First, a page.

Sequencing the tomato genome
A plant scientist from The University of Nottingham has played a key role in the sequencing of the tomato genome. Professor Graham Seymour was among a group of over 300 scientists from 14 countries that sequenced the genomes of the domesticated fruit – Solanum lycopersicum – and its wild ancestor, Solanum pimpinellifolium.
This achievement, by The Tomato Genome Consortium (TGC), will help breeders to identify important tomato genes allowing them to deliver new varieties more quickly and efficiently. The genomes will help breeders to deliver tomatoes with beneficial traits like improved taste and higher concentrations of nutrients, like lycopene, which are believed to have health benefits. Having the genome sequence could also lower costs by helping to develop tomatoes that are better equipped to combat the pathogens, droughts and diseases that plague growers. The results of the sequencing projects were reported in the journal Nature.
The not so humble tomato
The market for tomatoes is worth around £625m a year in the UK alone but, by benefitting breeders of other crops in the Solanaceae family like potatoes, peppers and aubergines, the genome could be more valuable still.
Graham Seymour, Professor of Biotechnology at Nottingham and co-leader of the research team in the UK, said: “Tomatoes are one of the most important fruit crops in the world, both in terms of the volume that we eat and the vitamins, minerals and other phytochemicals that both fresh and processed tomato products provide to our diets.
“The tomato is also the model plant we use to investigate the process of fruit ripening, so understanding this genome will help us unravel the molecular circuits that make tomato and other fruits ripen and give them their health promoting properties.”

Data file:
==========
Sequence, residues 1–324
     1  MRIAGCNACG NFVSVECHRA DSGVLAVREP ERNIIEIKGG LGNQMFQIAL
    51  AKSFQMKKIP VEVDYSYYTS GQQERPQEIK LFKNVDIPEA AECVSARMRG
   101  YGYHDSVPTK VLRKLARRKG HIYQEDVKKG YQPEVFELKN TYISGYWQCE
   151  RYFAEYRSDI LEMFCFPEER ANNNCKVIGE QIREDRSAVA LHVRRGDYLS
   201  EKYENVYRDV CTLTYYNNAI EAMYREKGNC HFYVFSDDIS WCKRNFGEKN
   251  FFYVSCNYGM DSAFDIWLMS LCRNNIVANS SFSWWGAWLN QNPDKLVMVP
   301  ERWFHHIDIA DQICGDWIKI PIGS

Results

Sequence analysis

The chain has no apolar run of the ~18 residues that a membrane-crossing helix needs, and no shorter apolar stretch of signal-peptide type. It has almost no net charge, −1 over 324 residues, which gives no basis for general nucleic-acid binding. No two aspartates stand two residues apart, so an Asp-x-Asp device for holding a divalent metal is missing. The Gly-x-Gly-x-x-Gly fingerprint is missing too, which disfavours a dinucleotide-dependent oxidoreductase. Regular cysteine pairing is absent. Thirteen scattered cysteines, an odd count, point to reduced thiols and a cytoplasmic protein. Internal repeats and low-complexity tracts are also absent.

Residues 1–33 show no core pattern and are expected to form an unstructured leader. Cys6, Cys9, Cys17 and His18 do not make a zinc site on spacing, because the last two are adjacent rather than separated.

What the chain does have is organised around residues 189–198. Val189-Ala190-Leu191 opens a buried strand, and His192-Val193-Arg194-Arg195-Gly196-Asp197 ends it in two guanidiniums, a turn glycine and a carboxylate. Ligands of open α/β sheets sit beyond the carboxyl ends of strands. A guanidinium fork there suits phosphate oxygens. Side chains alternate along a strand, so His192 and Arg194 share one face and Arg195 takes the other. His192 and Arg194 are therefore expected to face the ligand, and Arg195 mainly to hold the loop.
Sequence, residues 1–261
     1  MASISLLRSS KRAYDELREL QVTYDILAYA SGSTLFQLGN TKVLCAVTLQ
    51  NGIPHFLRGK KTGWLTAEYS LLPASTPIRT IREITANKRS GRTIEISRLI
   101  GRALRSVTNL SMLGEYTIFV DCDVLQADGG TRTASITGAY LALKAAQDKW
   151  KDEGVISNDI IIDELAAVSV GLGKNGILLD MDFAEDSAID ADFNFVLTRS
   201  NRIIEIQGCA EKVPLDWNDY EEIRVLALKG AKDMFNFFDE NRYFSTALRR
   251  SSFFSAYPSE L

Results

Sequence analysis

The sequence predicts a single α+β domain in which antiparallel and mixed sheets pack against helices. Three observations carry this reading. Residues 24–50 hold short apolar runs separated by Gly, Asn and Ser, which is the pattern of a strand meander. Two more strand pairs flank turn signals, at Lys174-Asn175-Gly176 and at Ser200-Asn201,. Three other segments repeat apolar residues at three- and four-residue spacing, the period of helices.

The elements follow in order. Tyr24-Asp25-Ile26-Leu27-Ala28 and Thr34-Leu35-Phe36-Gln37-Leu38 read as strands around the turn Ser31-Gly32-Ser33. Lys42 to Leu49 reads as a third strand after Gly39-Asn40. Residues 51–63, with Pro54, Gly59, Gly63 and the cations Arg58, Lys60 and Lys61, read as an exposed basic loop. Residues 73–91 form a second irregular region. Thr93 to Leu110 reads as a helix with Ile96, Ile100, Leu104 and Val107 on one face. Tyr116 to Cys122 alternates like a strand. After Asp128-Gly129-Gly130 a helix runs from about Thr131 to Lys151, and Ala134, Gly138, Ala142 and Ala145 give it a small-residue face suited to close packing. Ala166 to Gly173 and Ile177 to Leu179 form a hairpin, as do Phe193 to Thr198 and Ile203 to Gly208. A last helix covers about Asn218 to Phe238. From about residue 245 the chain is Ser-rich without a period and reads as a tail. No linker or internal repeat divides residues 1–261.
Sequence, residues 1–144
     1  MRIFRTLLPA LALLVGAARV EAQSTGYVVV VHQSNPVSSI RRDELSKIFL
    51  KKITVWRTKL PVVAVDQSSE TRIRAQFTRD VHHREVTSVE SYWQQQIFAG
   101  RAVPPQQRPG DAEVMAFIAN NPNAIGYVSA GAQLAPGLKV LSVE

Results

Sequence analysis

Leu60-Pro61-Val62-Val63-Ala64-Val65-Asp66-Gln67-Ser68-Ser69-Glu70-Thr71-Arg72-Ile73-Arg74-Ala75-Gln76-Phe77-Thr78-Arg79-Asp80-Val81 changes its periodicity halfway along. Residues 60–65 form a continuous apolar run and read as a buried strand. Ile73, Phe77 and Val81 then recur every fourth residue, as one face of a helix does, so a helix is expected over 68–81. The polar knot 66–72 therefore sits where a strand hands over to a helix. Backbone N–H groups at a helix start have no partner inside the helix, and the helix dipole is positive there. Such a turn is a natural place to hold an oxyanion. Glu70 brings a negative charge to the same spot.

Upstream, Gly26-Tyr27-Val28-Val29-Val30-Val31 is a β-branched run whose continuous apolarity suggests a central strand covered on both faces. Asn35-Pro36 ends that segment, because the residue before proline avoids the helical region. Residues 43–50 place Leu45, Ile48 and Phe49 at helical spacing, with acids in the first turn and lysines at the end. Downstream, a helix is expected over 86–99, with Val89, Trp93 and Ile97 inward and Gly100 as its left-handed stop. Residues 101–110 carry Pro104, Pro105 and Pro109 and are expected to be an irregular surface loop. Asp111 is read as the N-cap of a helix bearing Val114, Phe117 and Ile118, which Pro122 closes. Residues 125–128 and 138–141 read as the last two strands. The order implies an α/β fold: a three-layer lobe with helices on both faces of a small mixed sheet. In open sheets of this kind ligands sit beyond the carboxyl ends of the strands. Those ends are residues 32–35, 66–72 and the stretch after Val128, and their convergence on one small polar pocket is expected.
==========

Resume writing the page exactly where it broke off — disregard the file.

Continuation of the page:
Initially, the UK contribution to the project focused on chromosome 4, one of the 12 chromosomes which contain the tomato’s genes. The UK team produced a high quality sequence which set the standard for other chromosomes being sequenced around the world. Thanks to international collaboration and the adoption of new technologies, the final assembled sequence is of outstanding quality and coverage making it a powerful and readily accessible tool for crop improvement.
Mapping 35,000 genes
Together, the sequences provide the most detailed look yet at the functional portions of the tomato genome, revealing the order, orientation, types and relative positions of all of its 35,000 genes. The sequences will help researchers uncover the relationships between tomato genes and the characteristics they encode. They will broaden the understanding of how genetic and environmental factors interact to determine the health and viability of this important fruit crop.
The sequences also offer insight into how the tomato and its relatives have diversified and adapted to new environments. They show that the tomato genome expanded abruptly about 60 million years ago, but subsequently, most of this genetic redundancy was lost. Some of the genes generated during that expansion were involved in the development and control of the ripening process and so are of interest to tomato breeders.
The genome sequences will allow researchers to probe more deeply into why humans have been able to domesticate some plants and not others.
Tomato is a member of the Solanaceae or nightshade family, and the new sequences are expected to provide reference points helpful for identifying the most beneficial genes in tomato’s Solanaceae relatives. This includes potato, pepper, eggplant and petunia and as such is the world’s most important vegetable plant family in terms of both economic value and production volume.
The Tomato Genome Consortium was established as a result of a scientific conference organized in 2003 in Washington, DC. Consortium members include scientists from Argentina, Belgium, China, France, Germany, India, Israel, Italy, Japan, Korea, the Netherlands, Spain, the UK and the USA. The UK effort was led by researchers at The University of Nottingham and Imperial College London in collaboration with leading scientists at The Genome Analysis Centre, the James Hutton Institute, the University of East Anglia (UEA) and the Natural History Museum. The project was funded in the UK by the Biotechnology and Biological Sciences Research Council (BBSRC), Defra and the Scottish Government and the sequencing was undertaken by the Wellcome Trust Sanger Institute.